12 to 15 years
4 to 6
Country of Origin:
The ideal weight for males is 27 pounds, for females 25 pounds. The height at the shoulder is 18 to 20 inches.
The coat on a healthy Irish Terrier should be dense and wiry in texture. It will be rich in quality and it will have a somewhat broken appearance. It should lie fairly close to the body.
The individual hairs should grow so closely together that when parted with the fingers the skin is hardly visible. It should be noted that on the sides of the body the coat is never as harsh as on the back and quarters, but it should be plentiful and of good texture.
This dog has loads of spirit, is independent and can be a little stubborn! However, they are a cheerful loving dog and would make an excellent pet as they are very loyal and affectionate towards his owner. However males can become aggressive towards other dogs.
Even though this terrier has a strong and sturdy body, its movement is lithe and active. With a racy (appearing powerful yet limber) and graceful outline, the Irish Terrier has a moderately long body and does not possess the short back trait of many long-legged terriers.
This breed combines agility, speed, power, and endurance, enabling it to perform a range of tasks. Its intense expression matches its nature. The dog’s broken coat, meanwhile, is wiry and dense, and short enough to not disturb the body shape. This coat is usually bright red, golden red, red wheaten, or wheaten. However, puppies may have black hair at birth, which should disappear before they are full grown. In addition, whole-colored dogs may have a small patch of white on the chest.
The rest of the breed’s history before that is lost in time. From appearance, the Irish Terrier appears closely related to the Airedale Terrier, as well as the smaller Wire Fox Terrier. It is thought that the Black and Tan Terrier of the time added to the mix of the breed and helped create the Irish Terrier we have today. During World War I, the Irish Terrier was used as a messenger dog in the trenches and acquired a reputation for being fearless and intelligent. This breed gained recognition from the Irish Kennel Club in the 19th century, and was Ireland’s first terrier to receive recognition as well.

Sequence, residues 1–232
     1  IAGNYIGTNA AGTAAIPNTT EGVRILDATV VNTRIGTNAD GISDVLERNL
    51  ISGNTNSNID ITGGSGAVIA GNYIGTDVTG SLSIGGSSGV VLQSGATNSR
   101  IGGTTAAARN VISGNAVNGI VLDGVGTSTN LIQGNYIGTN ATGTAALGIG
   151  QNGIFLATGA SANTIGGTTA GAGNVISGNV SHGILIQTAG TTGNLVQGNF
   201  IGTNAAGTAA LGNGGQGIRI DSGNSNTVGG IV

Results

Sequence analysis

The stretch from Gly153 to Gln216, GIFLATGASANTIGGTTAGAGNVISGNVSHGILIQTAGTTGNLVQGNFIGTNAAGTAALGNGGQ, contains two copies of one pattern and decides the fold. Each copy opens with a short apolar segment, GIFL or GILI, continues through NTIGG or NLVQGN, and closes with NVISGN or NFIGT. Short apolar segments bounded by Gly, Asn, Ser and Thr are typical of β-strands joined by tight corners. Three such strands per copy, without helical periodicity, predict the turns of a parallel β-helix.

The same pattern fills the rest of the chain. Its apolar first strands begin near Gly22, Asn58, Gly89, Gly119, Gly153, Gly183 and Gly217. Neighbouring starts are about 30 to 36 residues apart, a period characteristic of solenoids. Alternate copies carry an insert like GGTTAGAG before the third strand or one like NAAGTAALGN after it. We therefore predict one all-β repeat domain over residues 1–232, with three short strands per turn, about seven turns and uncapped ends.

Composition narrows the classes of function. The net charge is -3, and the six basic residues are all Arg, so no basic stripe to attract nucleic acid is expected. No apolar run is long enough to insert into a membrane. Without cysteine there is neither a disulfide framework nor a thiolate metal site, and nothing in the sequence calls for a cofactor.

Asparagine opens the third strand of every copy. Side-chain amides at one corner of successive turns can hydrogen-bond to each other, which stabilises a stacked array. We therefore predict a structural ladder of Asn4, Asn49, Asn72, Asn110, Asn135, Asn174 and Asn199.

With an average lifespan of 12 to 15 years, the Irish Terrier may suffer from minor health problems like urinary stone, corns on the feet, and hereditary urinary problems.
They have good temper, most affectionate, and absolutely loyal to mankind. Tender and forbearing with those they love, this rugged, stout-hearted terrier will guard his master, his mistress and children with utter contempt for danger or hurt. His life is one continuous and eager offering of loyal and faithful companionship and devotion. They are ever on guard, and stand between his home and all that threatens.
The Irish Terrier requires regular brushing with a stiff bristle brush to minimize shedding and remove dead hair. Bathing should only be done when absolutely necessary using a mild shampoo to preserve the integrity of the coat. The Irish Terrier is a relatively healthy breed although some are prone to hypothyroid conditions.
The Irish Terrier is quite intelligent but may be willful and difficult to housebreak. The crate training method is recommended. Intense early socialization and obedience are crucial for this breed. They do not respond to harsh or heavy-handed methods. Training the Irish Terrier must be done with firmness, fairness, consistency, respect, and commitment. They excel in hunting, retrieving, guarding and tracking as well as police and military work.
Since Irish Terriers were bred for active work, these dogs need plenty of regular exercise. They need at least a daily long, brisk walk, where the dog is made to heel beside or behind the human holding the lead. Do not let this terrier walk out in front, as in a dog's mind the leader leads the way, and that leader needs to be the human.